- Dave White
- Elisabeth Ashby and Ryan Bechard co-star in Richmond Shakespeare's "Cymbeline," a stale piece of claptrap that the greatest playwright of all time should have left on the shelf.
Irish playwright George Bernard Shaw certainly had his share of harsh words for Shakespeare's romance "Cymbeline."
"It is for the most part stagey trash of the lowest melodramatic order," he wrote, later adding that the play's ending was "a tedious string of unsurprising denouements sugared with insincere sentimentality after a ludicrous stage battle."
Watching Richmond Shakespeare's performance of the play out at Agecroft Hall, it's easy to see where Shaw's line of thinking originates. Compared to the Bard's masterworks, "Cymbeline" reads like a parody of Shakespearean clichés.
The convoluted plot goes something like this: Princess Imogen has angered King Cymbeline by marrying her adopted brother Posthumus instead of her stepbrother Cloten. Posthumus is banished, and decides to kill Imogen after the trickster Iachimo convinces him that she is unfaithful.
What follows is a jumble of Shakespeare's laziest writing, which includes cross-dressing, lost sons, an epic battle, the god Jupiter descending from the sky and a final scene chock-full of revelations.
Because of the script's scattered and melodramatic plot, it's common for productions to stage it in a dreamlike environment to smooth out the rougher areas. Instead, director Tlaloc Rivas gives Richmond Shakespeare audiences a straightforward telling, which is occasionally funny but mostly tiresome.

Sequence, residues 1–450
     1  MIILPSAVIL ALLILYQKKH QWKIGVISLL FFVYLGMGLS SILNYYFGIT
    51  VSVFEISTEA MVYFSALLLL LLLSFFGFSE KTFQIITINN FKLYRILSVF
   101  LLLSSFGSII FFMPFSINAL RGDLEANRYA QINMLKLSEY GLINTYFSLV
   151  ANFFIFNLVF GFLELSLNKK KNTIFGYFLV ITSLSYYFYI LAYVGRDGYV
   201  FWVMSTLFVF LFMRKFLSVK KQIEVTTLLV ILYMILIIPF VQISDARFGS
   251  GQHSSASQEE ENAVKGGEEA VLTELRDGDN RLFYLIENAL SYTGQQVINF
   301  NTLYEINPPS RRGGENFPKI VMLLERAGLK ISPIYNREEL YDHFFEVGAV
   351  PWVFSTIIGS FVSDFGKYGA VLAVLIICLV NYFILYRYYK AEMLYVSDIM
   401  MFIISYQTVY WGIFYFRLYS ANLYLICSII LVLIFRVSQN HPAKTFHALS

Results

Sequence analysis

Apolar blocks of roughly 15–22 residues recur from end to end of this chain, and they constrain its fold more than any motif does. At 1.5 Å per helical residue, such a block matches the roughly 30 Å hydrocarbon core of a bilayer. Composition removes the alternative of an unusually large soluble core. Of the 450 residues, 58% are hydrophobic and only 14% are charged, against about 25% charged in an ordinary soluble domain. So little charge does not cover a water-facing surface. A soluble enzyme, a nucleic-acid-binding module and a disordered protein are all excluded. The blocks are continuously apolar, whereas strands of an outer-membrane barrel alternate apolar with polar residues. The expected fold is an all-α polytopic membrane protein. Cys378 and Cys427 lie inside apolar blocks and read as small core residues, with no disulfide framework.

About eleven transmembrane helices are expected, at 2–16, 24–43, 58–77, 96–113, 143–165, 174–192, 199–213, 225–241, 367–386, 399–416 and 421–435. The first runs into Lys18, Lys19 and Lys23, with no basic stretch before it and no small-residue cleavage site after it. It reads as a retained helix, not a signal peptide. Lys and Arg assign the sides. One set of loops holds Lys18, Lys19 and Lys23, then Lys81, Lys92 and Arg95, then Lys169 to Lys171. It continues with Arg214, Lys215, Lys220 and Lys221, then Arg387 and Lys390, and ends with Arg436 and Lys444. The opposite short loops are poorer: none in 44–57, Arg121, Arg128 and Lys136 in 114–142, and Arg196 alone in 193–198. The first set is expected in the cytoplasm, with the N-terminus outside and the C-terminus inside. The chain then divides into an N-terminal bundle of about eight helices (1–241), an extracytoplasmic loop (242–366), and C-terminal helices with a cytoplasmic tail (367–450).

Elisabeth Ashby does a fine job as the resourceful Imogen, and Justin Ahdoot is alternately adorable as the lost son Guiderius and determinedly loyal as the servant Pisanio. LaSean Greene stands out in dual performances as the Italian trickster Iachimo and the idiotic Cloten. Alan Sader essentially regurgitates his role as last season's King Lear with his portrayal of King Cymbeline.
The uncredited cave set is a promising departure from the company's normally minimal backdrops at Agecroft Hall. Virginia McConnell's costumes fit the period, and B.J. Wilkinson's lighting adds nicely to the melodramatic tone.
With a running time of three hours, Richmond Shakespeare doesn't appear to have trimmed any of the Bard's excesses. Long, convoluted, and largely uninteresting, perhaps this show is best left for the Shakespeare diehards. S
Richmond Shakespeare's "Cymbeline" plays at Agecroft Hall, 4305 Sulgrave Road, through July 1. For information, go to richmondshakespeare.com or call 232-4000.